All your (iNotes) emails are belong to me

This post describes a critical bypass of the Active Content Filtering (ACF) mechanism that is implemented in IBM iNotes to avoid the inclusion of malicious HTML tags as part of emails. The bug has been identified during a web application penetration test, and can be exploited to perform stored Cross-Site Scripting (XSS) attacks. The bypass has been successfully verified with IBM iNotes 9 and an official bulletin and fix have been released on August 1st, 2013.

From zero to Domino admin in a matter of hours

Early this spring I have been asked to assess the security of the mail infrastructure owned by a big company here in Italy. Pentesting the Domino/Notes/iNotes ecosystem is nowadays a piece of cake because of the large amount of publicly available documentation, advisories and tools.

If you are interested in testing this kind of infrastructure, I would recommend the following resources.

First of all, Marco Ivaldi's script can be used to automatically download all users' password hashes, together with details about every single account (e.g. name, surname, e-mail address, etc.). By simply accessing the names.nsf web resource, the tool extracts the desired information disclosed by the hidden attribute named HTTPPassword. The extracted hashes can be easily cracked using John The Ripper: William Ghote gave a great talk at BSides Las Vegas 2012 detailing the Lotus Notes password cracking process.

Finally, Penetration from application down to OS - Lotus Domino by Alexandr Polyakov and Lotus Domino: Penetration Through the Controller by Alexey Sintsov complete the picture providing even more details on how to pentest Lotus Domino deployments.

The links above are amazing resources that describe step by step how to easily hack into a mail infrastructure based on IBM solutions. As for my experience, a standard attack pattern to breach the Domino/iNotes infrastructure and access every company's e-mail accounts can be schematized as follow:

  1. Identify the location/path of the names.nsf web resource;
  2. Identify the user(s) with administrative privileges;
  3. Verify the user's password hash disclosure via the HTTPPassword hidden attribute;
  4. Get all the administrators' password hashes;
  5. Crack the so obtained hashes with John the Ripper;
  6. Log into the Domino Web Administrator application and have a drink.

The whole process took less than 30 hours and I can't hide that, at least for this time, this task was as easy as cut and paste of known attacks against an outdated environment. As my pentest objectives were quickly accomplished, I decided to turn my job into a security research session. Because of that, I dedicated the rest of the engagement to verifying the effectiveness of the aforementioned ACF mechanism.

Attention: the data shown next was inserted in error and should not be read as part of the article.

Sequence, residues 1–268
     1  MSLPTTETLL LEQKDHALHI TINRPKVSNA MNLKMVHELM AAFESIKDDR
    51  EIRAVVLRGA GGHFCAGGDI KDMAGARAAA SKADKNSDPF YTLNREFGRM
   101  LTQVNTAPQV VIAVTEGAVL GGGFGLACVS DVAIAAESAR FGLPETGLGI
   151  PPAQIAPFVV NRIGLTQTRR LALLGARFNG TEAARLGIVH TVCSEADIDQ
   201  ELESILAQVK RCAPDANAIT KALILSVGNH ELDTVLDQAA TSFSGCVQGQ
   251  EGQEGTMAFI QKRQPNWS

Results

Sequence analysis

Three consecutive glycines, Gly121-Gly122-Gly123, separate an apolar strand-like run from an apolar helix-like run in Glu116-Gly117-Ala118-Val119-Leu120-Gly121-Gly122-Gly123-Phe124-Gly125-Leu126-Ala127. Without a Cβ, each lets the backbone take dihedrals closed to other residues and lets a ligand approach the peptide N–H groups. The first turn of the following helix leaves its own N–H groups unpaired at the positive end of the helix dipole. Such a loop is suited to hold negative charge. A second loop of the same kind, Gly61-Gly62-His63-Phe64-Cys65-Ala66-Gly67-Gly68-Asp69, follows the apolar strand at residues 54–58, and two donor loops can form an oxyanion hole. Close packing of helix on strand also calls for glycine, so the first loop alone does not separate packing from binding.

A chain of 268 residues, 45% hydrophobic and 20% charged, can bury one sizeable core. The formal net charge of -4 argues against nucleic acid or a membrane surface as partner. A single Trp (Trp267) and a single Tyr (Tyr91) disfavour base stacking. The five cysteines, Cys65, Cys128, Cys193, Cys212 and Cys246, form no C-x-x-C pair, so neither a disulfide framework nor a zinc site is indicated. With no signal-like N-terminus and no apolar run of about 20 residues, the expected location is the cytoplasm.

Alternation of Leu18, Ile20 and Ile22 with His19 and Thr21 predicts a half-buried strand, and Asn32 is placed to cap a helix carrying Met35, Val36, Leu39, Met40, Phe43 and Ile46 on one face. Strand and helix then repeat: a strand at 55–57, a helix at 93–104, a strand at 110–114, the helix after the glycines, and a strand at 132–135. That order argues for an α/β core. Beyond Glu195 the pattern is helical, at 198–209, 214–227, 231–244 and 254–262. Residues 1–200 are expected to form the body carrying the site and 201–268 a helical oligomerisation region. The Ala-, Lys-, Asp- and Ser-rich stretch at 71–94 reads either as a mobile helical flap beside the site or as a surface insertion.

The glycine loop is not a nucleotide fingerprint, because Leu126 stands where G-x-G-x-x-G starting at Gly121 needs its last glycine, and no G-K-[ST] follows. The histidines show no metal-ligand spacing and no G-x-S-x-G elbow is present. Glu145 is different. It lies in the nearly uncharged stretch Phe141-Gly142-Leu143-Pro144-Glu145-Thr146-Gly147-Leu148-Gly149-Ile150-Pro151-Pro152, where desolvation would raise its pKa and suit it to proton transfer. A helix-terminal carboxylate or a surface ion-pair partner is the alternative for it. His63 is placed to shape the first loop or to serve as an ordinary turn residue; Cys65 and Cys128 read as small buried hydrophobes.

Active Content Filtering (ACF) vulnerability details

The analysis of the filter started with injecting simple and well-known XSS attack vectors, in order to understand the underlying logic and spot potential defects. On the basis of my analysis - that must be considered an incomplete understanding of the filter's internals, based exclusively on black box observations - ACF tries to block malicious HTML tags by both commenting JavaScript code, specified by the <script> tag, and normalizing/filtering tag attributes that could lead to client-side code execution (e.g. by eliminating the onXYZ event handlers, such as onerror or onmouseover). During the engagement, I found that the filtering feature is not properly implemented and allows an attacker to inject arbitrary attributes. In details, what I found is that the ACF is not able to correctly sanitize the sequence of characters src="<. For the sake of clarity, the following attack payload:

<img src="< onerror=alert(1) src=x>

would be transformed in:

<img < onerror=alert(1) src=x>

resulting in the JavaScript alert method execution. Figure 1 shows how the above vector is incorrectly treated and used to set the BodyHtml variable - which contains the mail's HTML body message.

Figure 1 - Bypass of the ACF mechanism and injection of JavaScript code.


The ACF bypass can be effectively abused to perform stored XSS attacks against iNotes users. In a real-world attack scenario, the bug could not only be exploited to perform Session Hijacking but also combined with Cross-Site Request Forgery (CSRF) to add a new e-mails forwarding rule to the victim's iNotes application, thus effectively backdooring the victim's mailbox. 

The following video demonstrates the execution of arbitrary JavaScript thanks to the described vulnerability. Moreover, it shows how the mail preview mechanism, if enabled, implies that the victim is not required to open the message in order to trigger the execution of JavaScript code - greatly reducing the required user iteration: 

Finally, I would like to thank my fellow Sandro Zaccarini and Leonardo Rizzi for providing me the infrastructure to properly investigate this issue, and IBM Product Security Incident Response Team (PSIRT) for their timely responses and professionalism.


  سما احمد

September 12, 2015 at 4:08 AM

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  سما احمد

September 12, 2015 at 4:08 AM

This comment has been removed by a blog administrator.
  سما احمد

September 12, 2015 at 4:08 AM

This comment has been removed by a blog administrator.